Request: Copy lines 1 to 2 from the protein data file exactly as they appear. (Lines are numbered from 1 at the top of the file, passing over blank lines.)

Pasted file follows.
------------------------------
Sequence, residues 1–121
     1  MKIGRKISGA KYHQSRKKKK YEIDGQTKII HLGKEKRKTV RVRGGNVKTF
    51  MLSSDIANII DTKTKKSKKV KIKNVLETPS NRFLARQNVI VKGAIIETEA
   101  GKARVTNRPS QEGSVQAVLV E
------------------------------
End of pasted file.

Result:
Sequence, residues 1–121
     1  MKIGRKISGA KYHQSRKKKK YEIDGQTKII HLGKEKRKTV RVRGGNVKTF